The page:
For me, one captivating aspect of railroading is sound. You know exactly what I’m talking about. Barking exhaust, thumping wheels, squealing flanges, rail contracting and expanding, horns, bells, and whistles. Oh my! Back in April I experienced one of the best sound shows I’ve heard in some time but documenting without a recording is not easy. Here’s my attempt to describe what I heard.
First, let me set the scene for you. I’m on a desolate gravel road. Since I left the pavement 20 minutes ago I passed a ranch a ranch which at 7:20PM appears abandoned. I stopped a few hundred feet short of a grade crossing guarded by a pair of cross bucks. Getting out of my vehicle I hear the ducks in a nearby pond chasing one another about (it is spring time!).
To my east (railroad south) I can see the track as it descends through a valley for about 2 miles on its gradual descent to Surprise Creek. To my west (railroad north) the track is pretty much straight and is on a steady .6% climb to a summit near Geyser. Nothing steep mind you but the train headed my way is 2X2 123 car coal train which will definitely need all 8 notches of throttle on this hill. Oh, yes, there are crickets too.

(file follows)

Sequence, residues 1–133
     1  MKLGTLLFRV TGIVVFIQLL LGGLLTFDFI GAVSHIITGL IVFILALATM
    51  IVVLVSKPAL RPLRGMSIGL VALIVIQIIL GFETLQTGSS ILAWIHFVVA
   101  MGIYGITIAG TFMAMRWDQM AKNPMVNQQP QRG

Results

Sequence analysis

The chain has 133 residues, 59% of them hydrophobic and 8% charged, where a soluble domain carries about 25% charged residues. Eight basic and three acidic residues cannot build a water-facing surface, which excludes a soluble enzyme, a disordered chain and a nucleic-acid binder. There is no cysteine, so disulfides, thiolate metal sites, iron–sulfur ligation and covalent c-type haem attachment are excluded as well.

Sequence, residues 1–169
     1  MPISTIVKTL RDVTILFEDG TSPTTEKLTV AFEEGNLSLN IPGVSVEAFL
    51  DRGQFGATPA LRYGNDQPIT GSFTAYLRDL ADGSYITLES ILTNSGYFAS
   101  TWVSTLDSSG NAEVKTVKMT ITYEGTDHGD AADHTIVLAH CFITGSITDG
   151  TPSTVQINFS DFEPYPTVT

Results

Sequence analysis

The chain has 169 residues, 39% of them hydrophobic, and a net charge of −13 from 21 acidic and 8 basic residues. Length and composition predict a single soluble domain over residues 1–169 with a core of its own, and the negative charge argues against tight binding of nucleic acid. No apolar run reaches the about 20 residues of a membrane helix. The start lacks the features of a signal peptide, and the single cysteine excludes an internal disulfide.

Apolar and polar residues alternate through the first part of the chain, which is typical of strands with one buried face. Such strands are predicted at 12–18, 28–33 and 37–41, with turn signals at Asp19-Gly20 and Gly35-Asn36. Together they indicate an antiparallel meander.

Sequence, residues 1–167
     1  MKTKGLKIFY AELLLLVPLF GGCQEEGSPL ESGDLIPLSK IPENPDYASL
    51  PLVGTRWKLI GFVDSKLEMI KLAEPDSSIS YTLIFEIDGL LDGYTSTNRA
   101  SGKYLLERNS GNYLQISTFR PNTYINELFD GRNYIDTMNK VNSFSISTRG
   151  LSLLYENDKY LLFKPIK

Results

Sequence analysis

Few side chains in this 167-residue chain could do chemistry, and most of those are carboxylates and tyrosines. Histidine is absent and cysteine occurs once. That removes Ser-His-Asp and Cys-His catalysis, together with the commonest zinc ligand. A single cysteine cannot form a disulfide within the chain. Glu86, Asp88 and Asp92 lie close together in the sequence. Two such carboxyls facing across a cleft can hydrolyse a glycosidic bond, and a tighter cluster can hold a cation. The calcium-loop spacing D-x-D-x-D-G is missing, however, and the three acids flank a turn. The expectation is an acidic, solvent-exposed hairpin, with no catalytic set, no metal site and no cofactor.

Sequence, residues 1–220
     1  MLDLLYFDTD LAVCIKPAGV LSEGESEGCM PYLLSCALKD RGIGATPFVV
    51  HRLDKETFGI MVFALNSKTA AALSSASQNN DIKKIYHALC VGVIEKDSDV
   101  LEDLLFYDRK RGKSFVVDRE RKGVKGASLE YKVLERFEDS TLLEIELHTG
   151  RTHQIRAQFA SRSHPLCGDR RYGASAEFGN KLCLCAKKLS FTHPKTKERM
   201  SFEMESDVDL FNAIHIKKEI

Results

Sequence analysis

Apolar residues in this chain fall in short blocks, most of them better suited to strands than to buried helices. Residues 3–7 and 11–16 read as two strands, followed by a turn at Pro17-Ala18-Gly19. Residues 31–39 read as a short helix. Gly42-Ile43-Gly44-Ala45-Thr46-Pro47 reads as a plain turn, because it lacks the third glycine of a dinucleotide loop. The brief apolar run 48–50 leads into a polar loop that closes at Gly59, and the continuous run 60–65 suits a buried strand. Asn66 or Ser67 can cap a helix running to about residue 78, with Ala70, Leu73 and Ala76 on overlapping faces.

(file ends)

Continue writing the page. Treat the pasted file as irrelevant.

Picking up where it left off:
At 7:20PM in April the sun is about to set. The unseasonable warmth of the day is gone and I’m already feeling the coolness creep in. There really isn’t any wind, highly unusual for this part of Montana. East of me 4 miles the Surprise Creek tunnel and a bench provide a physical and sound barrier. I won’t hear the train until it exists the tunnel. I sit for the next 15 minutes in the relative silence.
Pretty soon I hear a distant rumble. My coal train has reached the bottom of the Surprise Creek valley and has started the climb toward Geyser. For the next 6 minutes the lead GEs begin overpowering the sounds I hear. First the grass rustling disappears then the ducks. As the train appears around the corner I begin to hear the whine of AC traction motors under the steady thump of FDL prime mover exhaust. For the next few minutes exhaust sounds overwhelms me as the lead locomotives pass. Next comes 123 cars laden which Powder River Basin coal. Each one creaks and groans as is passes over the crossing. Occasionally flat spots pass…thunk, thunk, thunk, thunk, thunk…at a pace equal to the 20 mph the train is making.
2 minutes later two GE ACs on the rear roar by. Soon the exhaust sound begins to fade replaced by the high pitch of of AC traction motor whine. For a few minutes I stand there soaking it in. The train sound continues to fade but the drama of it is still fresh in my head so the sounds I pick out still remind me of what I just heard. Slowly the relative quiet returns to my little spot by the tracks.
As I pack up my camera gear and walk back to my vehicle it strikes me how impressive that particular train passage was. I’ve heard thousands of trains pass but somehow the atmosphere, train, and mental state all lined up to really leave an impression on me. I should have pulled my sound recorder out.